Picture by Todd Johnson
Over the past two seasons, how the Cubs develop hitters and pitchers has changed drastically. But what has not changed is how some people evaluate talent in the wake of those changes. There are those who still offer projections of guys in rookie league or low class A. What we are beginning to realize is that all those projections that writers make are quickly outdated, often in less than a year.
There are several reasons to come to this conclusion. It’s not just one particular thing that has made me change my mind, but it’s more an amalgamation of the following topics.
1. Physical Structure Design
We’ve seen guys that made velocity jumps or power numbers in the past few years by adding or subtracting weight. It does not matter if it’s a hitter or a pitcher, but we’ve seen players put on some muscle fairly quickly or slim down that reshapes how they play the game. In 2021, Zac Leigh went from a late day three draft pick who could throw about 92 or 93 to a guy who regularly sits at 95 as he added 10 pounds of muscle.
Javier Assad is an example who basically lost what some may call “some baby fat” and was in much better shape. He dominated at both Tennessee and Iowa and impressed in a brief stint in Chicago. No one, and I mean no one, saw Assad’s ascension coming.
Last year, we saw Walker Powell make a huge jump from throwing 89-90 up to 93-94. I read a projection of him last winter that Powell might do OK at Low-A but would begin struggling at High-A. Welp, he destroyed Low A, high A, and Double-A because of his physical improvement which the writer in no way could project last August. And to be quite honest, no one could.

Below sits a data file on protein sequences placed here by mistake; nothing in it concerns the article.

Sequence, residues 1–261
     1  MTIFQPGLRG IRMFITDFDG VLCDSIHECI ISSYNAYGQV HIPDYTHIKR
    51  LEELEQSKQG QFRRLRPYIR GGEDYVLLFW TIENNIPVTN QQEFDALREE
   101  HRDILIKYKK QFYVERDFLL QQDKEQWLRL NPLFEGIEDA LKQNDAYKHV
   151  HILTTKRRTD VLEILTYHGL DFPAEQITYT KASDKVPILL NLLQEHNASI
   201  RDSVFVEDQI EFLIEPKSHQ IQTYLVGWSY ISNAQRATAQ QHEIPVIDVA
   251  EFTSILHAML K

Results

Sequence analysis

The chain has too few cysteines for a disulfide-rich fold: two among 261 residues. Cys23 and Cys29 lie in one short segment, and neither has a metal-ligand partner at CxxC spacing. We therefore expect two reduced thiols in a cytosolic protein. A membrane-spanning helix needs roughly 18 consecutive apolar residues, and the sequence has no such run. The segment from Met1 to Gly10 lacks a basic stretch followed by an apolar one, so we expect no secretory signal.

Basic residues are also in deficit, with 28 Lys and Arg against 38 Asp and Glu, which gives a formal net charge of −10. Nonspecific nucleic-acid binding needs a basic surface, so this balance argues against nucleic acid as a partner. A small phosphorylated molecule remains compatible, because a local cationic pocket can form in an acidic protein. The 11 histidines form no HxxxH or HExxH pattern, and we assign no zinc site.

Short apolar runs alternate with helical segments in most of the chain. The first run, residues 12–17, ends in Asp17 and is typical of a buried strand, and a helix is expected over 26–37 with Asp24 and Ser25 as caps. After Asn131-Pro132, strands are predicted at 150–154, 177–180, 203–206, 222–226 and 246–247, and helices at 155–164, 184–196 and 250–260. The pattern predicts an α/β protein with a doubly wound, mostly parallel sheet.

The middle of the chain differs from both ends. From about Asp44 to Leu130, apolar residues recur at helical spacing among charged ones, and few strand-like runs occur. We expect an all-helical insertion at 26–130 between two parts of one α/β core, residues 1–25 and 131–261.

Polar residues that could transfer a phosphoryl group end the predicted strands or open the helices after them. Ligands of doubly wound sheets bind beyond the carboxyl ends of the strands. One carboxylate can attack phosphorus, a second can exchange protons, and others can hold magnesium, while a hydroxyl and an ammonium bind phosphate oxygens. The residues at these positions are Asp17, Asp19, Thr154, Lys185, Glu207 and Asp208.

We saw Brennen Davis add some muscle in 2021 to his upper half that generated much more power than he had at South Bend. I am thinking the same thing is going to happen this winter with Owen Caissie.
2. Buying in to Tech Data
In watching bullpen session after bullpen session the past two summers, most pitchers now embrace the tech the Cubs use to analyze pitching. Whether it’s horizontal or vertical movement or mile per hour or spin rate or how efficiently the ball flows through the air, players are now buying in. What started out as a few guys being interested, now it’s become standard operating procedure for every Cubs pitching prospect to check out their data. In the bullpen, that sometimes happens after every pitch, especially when they’re working on a new one. You can’t do that on the mound, but that is what is happening behind the scenes and it’s turning out some high end pitches. The old way involved a radar gun and guys charting pitches during the game. Now, the tech provides all that data and much, much, much more.
As a result, we’re seeing guys make huge changes in what they throw and how they throw it in just a few short weeks. So when someone writes or says a pronouncement about possible future performance of a recent draft pick or a prospect, those projections don’t hold water for me at all. None, zip, zilch.